On what became of Jessica Besecker, a 24-year-old English teacher in Kesennuma in Miyagi Prefecture, Elizabeth Flock wrote in the Washington Post, “Snow fell..and the wind picked up after the quake. “The kids were shivering in their uniforms; Besecker shivered in her shorts. The teachers rushed to gather metal buckets and wood from school projects to make small bonfires. Some of the boys found tents that they had used for Sports Day. Other kids got tatami mats out of the judo house so they didn’t have to sit on wet dirt. The students huddled inside the tents for warmth. A few snack cakes and drinks that had been prepared for graduation were doled out. Besecker had Girl Scout cookies in her bag and invited the children to taste “American cookies.” [Source: Elizabeth Flock, Washington Post, March 29, 2011]
“As night fell, news came of what the rest of Kesennuma looked like. The waters had gone up to the second floor of a nearby building. The roads were washed out. Some of the students’ parents came to pick them up, but others were left behind and climbed into the school bus to sleep. The other teachers crawled into their cars.”
“Huddling in her vehicle under a tiny blanket, Besecker still had no idea of how bad the damage was. S he learned that the friend she was supposed to pick up that day was safe. But she didn’t yet know that another close friend and teacher, with whom she had just gone on a two-week vacation to Seoul, had died on her bicycle in the tsunami wave.She didn’t know that others would go missing or die too: the owner of a local dance club, a chef, a friend from the Kesennuma bars.”
Survivors on a Small Island
Robert D. Eldridge wrote in the Daily Yomiuri, “Oshima island is located in Kesennuma Bay, about a 25-minute ferry ride from Kesennuma Port. It is about in nine square kilometers in size. Prior to the earthquake and tsunami, it had a recorded population of 3,478, and 1,127 households, although many of the young people went to school and adults sought employment on the mainland. Tourism and fishing were two of its main industries. It is one of the prettiest and well-kept islands I have ever been to, its people friendly, and the school children the most polite.” [Source: Robert D. Eldridge, Daily Yomiuri, June 30, 2011]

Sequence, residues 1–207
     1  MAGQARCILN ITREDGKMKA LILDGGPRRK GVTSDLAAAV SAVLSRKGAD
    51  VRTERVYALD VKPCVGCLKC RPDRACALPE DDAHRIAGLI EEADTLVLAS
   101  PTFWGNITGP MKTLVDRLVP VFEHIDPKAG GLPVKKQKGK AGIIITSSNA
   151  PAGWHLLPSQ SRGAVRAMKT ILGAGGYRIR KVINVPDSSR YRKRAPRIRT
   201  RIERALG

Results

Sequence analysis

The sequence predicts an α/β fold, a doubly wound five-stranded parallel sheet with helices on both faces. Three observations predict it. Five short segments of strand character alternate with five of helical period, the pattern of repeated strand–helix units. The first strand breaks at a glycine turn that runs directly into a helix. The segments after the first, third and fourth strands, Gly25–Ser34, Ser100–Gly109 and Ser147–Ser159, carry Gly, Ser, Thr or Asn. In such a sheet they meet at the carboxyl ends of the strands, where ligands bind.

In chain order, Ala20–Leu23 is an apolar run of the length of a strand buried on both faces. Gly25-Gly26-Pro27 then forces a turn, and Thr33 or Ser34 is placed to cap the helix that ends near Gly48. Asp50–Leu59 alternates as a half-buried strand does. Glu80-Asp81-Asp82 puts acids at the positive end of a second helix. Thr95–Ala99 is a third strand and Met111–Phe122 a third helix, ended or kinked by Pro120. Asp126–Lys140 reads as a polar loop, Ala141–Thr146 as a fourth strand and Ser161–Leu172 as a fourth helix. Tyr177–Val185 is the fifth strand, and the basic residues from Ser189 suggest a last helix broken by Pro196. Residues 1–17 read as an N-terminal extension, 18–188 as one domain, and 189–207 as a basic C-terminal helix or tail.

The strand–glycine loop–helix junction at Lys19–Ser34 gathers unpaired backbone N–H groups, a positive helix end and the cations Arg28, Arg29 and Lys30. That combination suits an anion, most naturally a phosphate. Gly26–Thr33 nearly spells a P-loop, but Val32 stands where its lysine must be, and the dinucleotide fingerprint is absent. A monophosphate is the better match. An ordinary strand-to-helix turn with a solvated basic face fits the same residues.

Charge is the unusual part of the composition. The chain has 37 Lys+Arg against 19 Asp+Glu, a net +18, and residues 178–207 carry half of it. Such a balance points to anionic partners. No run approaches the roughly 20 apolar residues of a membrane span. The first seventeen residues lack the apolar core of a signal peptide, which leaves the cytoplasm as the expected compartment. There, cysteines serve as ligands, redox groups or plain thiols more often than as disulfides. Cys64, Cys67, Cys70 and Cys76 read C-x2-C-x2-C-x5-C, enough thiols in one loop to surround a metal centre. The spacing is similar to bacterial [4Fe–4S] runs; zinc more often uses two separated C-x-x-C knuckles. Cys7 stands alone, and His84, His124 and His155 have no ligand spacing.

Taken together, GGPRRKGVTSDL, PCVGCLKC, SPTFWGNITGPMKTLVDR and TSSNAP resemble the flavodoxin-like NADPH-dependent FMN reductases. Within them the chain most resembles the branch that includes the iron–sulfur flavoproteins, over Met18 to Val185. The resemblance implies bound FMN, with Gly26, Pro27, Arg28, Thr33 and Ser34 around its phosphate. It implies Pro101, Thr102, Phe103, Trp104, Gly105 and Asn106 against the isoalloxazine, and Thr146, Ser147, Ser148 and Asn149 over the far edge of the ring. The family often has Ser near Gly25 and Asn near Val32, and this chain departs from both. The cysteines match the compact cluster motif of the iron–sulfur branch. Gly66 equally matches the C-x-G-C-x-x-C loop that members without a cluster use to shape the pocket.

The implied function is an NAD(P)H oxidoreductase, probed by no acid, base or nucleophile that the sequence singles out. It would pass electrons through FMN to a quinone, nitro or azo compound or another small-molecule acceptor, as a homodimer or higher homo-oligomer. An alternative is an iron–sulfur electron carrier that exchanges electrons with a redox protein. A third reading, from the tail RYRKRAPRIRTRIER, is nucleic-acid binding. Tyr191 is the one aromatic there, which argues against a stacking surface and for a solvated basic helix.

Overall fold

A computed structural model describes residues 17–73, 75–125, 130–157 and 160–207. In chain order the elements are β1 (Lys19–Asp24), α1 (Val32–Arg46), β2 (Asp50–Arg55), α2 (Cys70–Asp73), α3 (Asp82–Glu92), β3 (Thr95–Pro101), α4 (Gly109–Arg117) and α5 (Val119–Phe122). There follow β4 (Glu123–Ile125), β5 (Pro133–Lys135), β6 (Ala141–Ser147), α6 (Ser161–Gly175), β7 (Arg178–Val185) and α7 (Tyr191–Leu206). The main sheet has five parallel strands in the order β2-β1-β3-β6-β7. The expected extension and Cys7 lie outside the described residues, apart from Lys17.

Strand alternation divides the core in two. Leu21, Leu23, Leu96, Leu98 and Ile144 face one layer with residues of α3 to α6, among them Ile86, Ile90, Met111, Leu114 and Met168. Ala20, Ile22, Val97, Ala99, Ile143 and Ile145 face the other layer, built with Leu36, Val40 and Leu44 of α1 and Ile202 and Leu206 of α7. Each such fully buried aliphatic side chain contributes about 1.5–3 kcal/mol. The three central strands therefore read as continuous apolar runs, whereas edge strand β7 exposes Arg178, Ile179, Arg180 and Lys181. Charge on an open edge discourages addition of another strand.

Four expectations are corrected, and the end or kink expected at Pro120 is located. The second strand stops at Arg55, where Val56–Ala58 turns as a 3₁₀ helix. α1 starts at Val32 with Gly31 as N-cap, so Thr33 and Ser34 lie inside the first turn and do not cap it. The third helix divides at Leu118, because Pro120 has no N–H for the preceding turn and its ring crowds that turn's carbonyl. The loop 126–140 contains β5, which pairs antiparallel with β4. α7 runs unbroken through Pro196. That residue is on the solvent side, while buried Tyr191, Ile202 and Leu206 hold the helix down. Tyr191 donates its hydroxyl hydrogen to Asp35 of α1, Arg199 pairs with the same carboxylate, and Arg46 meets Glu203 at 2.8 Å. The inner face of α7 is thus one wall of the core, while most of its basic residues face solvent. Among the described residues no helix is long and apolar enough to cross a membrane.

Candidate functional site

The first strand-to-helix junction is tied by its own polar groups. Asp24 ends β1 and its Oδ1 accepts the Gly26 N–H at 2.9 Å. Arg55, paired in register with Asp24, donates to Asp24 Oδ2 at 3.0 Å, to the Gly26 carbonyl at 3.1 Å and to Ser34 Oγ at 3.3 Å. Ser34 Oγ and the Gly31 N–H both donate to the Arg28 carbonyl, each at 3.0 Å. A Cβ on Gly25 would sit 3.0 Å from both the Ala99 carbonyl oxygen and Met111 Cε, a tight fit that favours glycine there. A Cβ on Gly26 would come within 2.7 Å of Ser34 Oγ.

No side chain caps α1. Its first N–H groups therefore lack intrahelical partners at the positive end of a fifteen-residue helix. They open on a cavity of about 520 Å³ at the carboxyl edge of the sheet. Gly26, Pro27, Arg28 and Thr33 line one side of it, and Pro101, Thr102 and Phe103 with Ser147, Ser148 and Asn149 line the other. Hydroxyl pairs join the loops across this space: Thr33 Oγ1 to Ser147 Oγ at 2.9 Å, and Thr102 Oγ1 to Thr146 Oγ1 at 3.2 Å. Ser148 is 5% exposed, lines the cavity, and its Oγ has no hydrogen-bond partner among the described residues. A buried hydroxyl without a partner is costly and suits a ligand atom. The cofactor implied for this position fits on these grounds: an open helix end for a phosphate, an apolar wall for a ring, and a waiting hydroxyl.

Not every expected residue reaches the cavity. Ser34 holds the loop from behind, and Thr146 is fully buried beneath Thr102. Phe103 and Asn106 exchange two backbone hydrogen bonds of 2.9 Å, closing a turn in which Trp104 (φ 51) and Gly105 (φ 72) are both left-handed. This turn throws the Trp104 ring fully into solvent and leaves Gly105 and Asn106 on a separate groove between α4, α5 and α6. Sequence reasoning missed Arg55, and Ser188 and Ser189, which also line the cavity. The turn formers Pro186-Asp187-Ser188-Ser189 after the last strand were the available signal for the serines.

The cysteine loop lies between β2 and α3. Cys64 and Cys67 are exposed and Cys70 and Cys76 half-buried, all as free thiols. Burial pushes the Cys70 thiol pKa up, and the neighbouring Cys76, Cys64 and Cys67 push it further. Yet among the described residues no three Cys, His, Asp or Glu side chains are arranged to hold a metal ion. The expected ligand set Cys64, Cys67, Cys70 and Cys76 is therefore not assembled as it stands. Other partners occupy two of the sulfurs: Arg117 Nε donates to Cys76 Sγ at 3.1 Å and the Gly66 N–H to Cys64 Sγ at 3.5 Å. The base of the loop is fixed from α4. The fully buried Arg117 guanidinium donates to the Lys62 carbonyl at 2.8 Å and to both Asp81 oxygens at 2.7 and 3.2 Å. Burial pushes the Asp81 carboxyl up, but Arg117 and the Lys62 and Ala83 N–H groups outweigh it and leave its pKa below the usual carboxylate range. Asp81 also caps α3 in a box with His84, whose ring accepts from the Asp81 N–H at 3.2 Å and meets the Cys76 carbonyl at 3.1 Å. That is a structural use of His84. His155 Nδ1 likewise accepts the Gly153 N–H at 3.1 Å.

“Despite the degree of destruction, an amazingly small number of people lost their lives in the tsunami on Oshima. Approximately 40 people died or are missing due to the tsunami that engulfed the island and reached far inland. There are several reasons why so few were lost, some of which are universal lessons, while others are related to the particular geography of Oshima and the local situation. Officials and the people from Oshima are the first to admit they were very lucky.”
“The biggest lesson appears to be that, for the most part, the islanders had a deep understanding that tsunami can result from earthquakes, and that earthquakes need to be taken seriously. Due to the strength of the March 11 earthquake (magnitude-9.0), the islanders knew it was a bad one and would likely be followed by a tsunami. Few hesitated to get to high ground. In Oshima's case, high ground is not far, being a hilly island. The distance people had to travel, therefore, was not far. If there was any doubt about the need to get to high ground, the warning messages sent out over the community address system removed them, prompting people to evacuate.”